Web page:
• Graphene nanoribbons are of great interest for pure and applied sciences due to their unique properties which depend on the nanoribbon edges, as, for example, energy gap and antiferromagnetic coupling. Nevertheless, the synthesis of nanoribbons with well-defined edges remains a challenge. To collaborate with this subject, here we propose a new route for the production of graphene nanoribbons from flat carbon nanotubes filled with a one-dimensional chain of Fe atoms by first principles calculations based on density functional theory. Our results show that Fe-filled flat carbon nanotubes are energetically more stable than non flattened geometries. Also we find that bymore » hydrogenation or oxygenation of the most curved region of the Fe-filled flat armchair carbon nanotube, it occurred a spontaneous production of zigzag graphene nanoribbons which have metallic or semiconducting behavior depending on the edge and size of the graphene nanoribbon. Such findings can be used to create a new method of synthesis of regular-edge carbon nanoribbons.« less
  • Highlights: • MWCNTs synthesized and electrochemically oxidized to study the formation of GNR • HRTEM, Raman and XPS confirmed no successful unzipping occurred after oxidation • Electrochemical oxidation very unlikely facilitate formation of intercalated MWCNTs - Abstract: Multiwalled carbon nanotubes (MWCNTs) with different geometrical characteristics and chemical doping have been synthesized and electrochemically oxidized to study the possibility of unzipping, and creating graphene nanoribbon (GNR) nanostructures. Modified glassy carbon electrodes of the MWCNTs have been tested in an aqueous electrolyte via anodic scans in a wide range of potentials, followed by keeping at the maximum potential for different times. Themore » microstructural features, structural defects, and functional groups and their elements have been then studied using high resolution transmission electron microscopy (HRTEM), Raman spectroscopy and X-ray photoelectron spectroscopy (XPS), respectively. All results have confirmed that no successful unzipping occurs in the MWCNTs after electrochemical oxidation, even for the nitrogen-doped MWCNTs (CN{sub x}-MWCNTs) with reactive nitrogen groups and defective bamboo structures. In contrast to the report by Shinde et al. (J. Am. Chem. Soc. 2011, 133, 4168–4171), it has been concluded that the electrochemical oxidation in aqueous electrolytes is very unlikely to facilitate sufficient incorporation of the intercalated molecules among the walls of the MWCNTs. These molecules are, however, responsible for unzipping of MWCNTs.« less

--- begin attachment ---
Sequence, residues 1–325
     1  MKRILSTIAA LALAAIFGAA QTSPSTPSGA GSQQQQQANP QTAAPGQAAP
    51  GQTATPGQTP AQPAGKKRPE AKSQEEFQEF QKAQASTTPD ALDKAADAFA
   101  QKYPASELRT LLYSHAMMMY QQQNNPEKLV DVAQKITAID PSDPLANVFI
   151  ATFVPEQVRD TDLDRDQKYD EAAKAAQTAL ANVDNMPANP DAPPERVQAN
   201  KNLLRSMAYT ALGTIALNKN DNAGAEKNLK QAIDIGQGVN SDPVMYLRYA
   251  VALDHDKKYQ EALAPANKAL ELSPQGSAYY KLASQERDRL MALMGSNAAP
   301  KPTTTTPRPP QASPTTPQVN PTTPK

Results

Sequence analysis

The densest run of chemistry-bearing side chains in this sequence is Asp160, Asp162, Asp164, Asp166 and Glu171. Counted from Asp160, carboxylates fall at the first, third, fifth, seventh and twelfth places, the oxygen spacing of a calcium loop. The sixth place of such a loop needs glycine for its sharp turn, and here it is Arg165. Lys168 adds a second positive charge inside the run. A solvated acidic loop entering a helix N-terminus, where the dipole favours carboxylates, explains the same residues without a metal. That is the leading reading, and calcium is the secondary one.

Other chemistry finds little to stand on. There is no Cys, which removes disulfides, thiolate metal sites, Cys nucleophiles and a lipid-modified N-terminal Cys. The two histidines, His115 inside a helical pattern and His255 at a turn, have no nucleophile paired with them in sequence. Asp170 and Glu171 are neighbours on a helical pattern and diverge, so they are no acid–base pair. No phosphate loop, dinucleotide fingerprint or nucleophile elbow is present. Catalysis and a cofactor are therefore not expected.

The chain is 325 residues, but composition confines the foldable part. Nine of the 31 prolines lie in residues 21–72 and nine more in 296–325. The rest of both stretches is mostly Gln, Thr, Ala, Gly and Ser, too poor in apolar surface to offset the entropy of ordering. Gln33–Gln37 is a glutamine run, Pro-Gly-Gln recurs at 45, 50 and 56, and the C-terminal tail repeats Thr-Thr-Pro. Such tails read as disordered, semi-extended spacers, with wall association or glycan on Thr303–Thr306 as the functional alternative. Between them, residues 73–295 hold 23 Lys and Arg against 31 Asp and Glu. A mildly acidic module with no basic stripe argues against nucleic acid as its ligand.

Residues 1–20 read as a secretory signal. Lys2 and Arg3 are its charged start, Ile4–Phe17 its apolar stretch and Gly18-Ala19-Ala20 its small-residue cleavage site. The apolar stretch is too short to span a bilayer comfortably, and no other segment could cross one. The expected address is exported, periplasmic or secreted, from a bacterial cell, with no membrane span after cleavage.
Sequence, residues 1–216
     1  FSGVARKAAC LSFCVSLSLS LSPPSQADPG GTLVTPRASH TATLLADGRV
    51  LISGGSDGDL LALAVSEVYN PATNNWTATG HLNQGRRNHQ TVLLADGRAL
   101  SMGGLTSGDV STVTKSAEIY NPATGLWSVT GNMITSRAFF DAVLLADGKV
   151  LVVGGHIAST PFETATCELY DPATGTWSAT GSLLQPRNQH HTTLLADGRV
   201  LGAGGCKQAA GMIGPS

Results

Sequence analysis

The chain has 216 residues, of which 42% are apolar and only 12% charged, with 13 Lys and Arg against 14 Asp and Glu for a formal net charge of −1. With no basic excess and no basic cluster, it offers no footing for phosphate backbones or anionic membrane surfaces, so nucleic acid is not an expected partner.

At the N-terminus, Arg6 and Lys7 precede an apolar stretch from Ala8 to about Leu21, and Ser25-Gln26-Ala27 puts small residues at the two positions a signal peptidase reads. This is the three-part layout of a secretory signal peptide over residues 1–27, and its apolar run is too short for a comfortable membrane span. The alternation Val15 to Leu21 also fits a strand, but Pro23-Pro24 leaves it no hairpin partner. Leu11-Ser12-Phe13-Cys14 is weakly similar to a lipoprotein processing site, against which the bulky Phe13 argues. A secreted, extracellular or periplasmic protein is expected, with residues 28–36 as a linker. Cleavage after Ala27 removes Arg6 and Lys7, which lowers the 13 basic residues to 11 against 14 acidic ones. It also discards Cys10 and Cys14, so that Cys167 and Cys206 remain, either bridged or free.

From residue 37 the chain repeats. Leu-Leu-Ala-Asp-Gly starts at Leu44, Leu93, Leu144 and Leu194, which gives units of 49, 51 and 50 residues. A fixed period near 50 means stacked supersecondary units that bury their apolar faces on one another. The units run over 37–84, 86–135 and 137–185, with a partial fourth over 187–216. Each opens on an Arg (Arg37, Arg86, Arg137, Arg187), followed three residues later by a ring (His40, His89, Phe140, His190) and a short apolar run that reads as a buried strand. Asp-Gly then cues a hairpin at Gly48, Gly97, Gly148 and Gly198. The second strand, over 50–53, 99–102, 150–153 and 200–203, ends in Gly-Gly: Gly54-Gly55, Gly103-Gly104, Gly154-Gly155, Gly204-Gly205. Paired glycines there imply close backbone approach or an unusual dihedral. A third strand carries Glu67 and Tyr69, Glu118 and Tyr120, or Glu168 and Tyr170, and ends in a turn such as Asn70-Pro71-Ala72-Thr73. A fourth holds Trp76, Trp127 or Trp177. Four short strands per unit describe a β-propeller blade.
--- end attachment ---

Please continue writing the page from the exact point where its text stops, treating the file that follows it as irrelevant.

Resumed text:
• Levinson{close_quote}s theorem relates the zero-energy phase shift {delta} for potential scattering in a given partial wave {ital l}, by a spherically symmetric potential that falls off sufficiently rapidly, to the number of bound states of that {ital l} supported by the potential. An extension of this theorem is presented that applies to single-channel scattering by a compound system initially in its ground state. As suggested by Swan [Proc. R. Soc. London Ser. A {bold 228}, 10 (1955)], the extended theorem differs from that derived for potential scattering; even in the absence of composite bound states {delta} may differ from zeromore » as a consequence of the Pauli principle. The derivation given here is based on the introduction of a continuous auxiliary {open_quote}{open_quote}length phase{close_quote}{close_quote} {eta}, defined modulo {pi} for {ital l}=0 by expressing the scattering length as {ital A}={ital a}cot{eta}, where {ital a} is a characteristic length of the target. Application of the minimum principle for the scattering length determines the branch of the cotangent curve on which {eta} lies and, by relating {eta} to {delta}, an absolute determination of {delta} is made. The theorem is applicable, in principle, to single-channel scattering in any partial wave for {ital e}{sup {plus_minus}}-atom and nucleon-nucleus systems. In addition to a knowledge of the number of composite bound states, information (which can be rather incomplete) concerning the structure of the target ground-state wave function is required for an explicit, absolute, determination of the phase shift {delta}. As for Levinson{close_quote}s original theorem for potential scattering, {ital no} {ital additional} {ital information} {ital concerning} {ital the} {ital scattering} {ital wave} {ital function} {ital or} {ital scattering} {ital dynamics} {ital is} {ital required}. {copyright} {ital 1996 The American Physical Society.}« less